‘Bundesliga is just a league whose champion is decided before the start of the season, no title challenge, none what-so-ever.’
We’ve all surely heard this sentence somewhere, and whoever said it needs to think again.
First of all let’s all face it, Bayern’s frightening dominance isn’t in favour of the league, but that doesn’t decrease it’s value at all.
Many were blinded by The Bavarian’s significant success in the recent years that they can’t see the true beauty of German football and how unique it is. Why? Let’s find out. Here are reasons why the Bundesliga is one of a kind:
From Götze and Kimmich to Draxler and Weigl, The German academies are the gifts that keep on giving.
The number of stars the country has produced on it’s own land in the last decade is astonishing. Out of 23 world cup winners in 2014, 21 of them graduated from German academies and started their professional careers in Germany while 14 of them were 25 years-old or younger.
The credit goes to the German FA who rose from the ashes in 2000 after their catastrophic display in the European Championships. They set up a new rule in 2001 regarding youth which makes it mandatory for all 18 top-flight professional teams to run a youth academy.
In addition to that, under the new Bundesliga rules a club with a top-rated three-star academy gets an additional $400,000 in funding every year which is an outstanding fee for small clubs. The better your academy is, the better your funding gets.
2- Style of Play
Ever wondered why German teams are hard to beat in European Championships having the second highest UEFA coafficent in the last 5 years?
Talent plays a big part, obviously, but it’s mainly because of the league’s special style of play which consists of hard work, constant movements, and of course, extremely high discipline.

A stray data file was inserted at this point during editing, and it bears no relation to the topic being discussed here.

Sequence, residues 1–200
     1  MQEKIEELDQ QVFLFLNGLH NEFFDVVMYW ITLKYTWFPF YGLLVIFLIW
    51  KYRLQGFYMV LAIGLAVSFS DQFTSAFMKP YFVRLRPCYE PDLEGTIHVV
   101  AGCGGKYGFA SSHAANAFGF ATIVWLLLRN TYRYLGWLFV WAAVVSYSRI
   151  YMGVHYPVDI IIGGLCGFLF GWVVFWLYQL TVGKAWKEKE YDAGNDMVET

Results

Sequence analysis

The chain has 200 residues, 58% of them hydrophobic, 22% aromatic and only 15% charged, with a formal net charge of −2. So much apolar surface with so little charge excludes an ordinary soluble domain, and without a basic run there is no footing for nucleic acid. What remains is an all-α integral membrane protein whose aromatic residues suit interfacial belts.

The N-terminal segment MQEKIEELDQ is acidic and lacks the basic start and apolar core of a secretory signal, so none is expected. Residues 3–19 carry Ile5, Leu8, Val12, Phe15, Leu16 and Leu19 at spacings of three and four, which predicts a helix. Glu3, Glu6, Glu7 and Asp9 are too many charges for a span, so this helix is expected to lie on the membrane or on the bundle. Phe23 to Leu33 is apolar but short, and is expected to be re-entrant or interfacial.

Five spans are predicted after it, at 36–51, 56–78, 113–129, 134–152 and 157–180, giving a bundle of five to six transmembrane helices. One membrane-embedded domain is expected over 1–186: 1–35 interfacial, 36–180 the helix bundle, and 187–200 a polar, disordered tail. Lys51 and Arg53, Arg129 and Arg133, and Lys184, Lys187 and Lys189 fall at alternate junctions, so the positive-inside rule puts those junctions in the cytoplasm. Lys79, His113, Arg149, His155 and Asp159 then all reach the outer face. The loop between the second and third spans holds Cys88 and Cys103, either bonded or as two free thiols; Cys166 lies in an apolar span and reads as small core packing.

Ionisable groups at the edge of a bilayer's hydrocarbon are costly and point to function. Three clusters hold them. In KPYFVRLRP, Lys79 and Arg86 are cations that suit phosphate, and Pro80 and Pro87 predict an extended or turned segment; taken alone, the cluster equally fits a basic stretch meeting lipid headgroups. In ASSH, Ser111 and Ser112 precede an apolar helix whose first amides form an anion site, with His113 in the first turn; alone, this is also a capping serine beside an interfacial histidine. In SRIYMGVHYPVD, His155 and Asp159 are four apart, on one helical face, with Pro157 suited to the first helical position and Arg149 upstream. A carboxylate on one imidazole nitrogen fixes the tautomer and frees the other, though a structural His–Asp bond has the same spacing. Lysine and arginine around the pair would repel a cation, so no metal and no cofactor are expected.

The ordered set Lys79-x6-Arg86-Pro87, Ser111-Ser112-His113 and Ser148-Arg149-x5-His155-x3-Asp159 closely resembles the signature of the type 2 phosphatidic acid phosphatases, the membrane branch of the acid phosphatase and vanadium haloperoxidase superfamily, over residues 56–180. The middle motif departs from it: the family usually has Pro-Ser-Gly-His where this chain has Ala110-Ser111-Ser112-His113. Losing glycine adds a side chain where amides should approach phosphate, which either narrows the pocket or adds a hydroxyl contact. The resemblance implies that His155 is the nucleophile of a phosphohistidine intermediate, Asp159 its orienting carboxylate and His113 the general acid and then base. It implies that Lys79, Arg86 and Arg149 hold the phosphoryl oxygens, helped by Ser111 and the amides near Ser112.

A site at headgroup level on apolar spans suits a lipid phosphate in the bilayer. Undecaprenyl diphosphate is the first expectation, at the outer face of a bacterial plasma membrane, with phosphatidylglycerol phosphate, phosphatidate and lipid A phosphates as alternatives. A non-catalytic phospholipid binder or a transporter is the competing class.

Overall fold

There’s a reason why Germans are labelled as ‘machines’, their work rate in every game is sky high and it’s a fact that Bundesliga players cover more distance than others in Europe. They use the opposition defenders’ bad positioning to break the defence up by moving as one unit, and that’s also extremely enjoyable to watch.
3- The fans
90 minutes of shouts, screams, chants and flag waving.
The German fans put as much effort outside the pitch as the players on it. The level of loyalty reaches a new level in Bundesliga as 13.235.945 fans attended 324 matches last season, with the average of 43.254.
These passionate supporters show their class as well. They generously welcomed the refugees in the country at their stadiums and invited hundreds to watch matches in 2015.
The fans also play a big part in the club ownership after the German FA set the 50+1 law (1998) and it suggests that a registered club should have minimum 7 members.
The league requires that either a club, or a limited company which is controlled by a club with 50% + 1 vote can get a license to participate in the 1st or 2nd German league.
There’s so much more in a league then it’s title challenge. It’s time for the Bundesliga to be fairly rated as one of the world best leagues if not the best.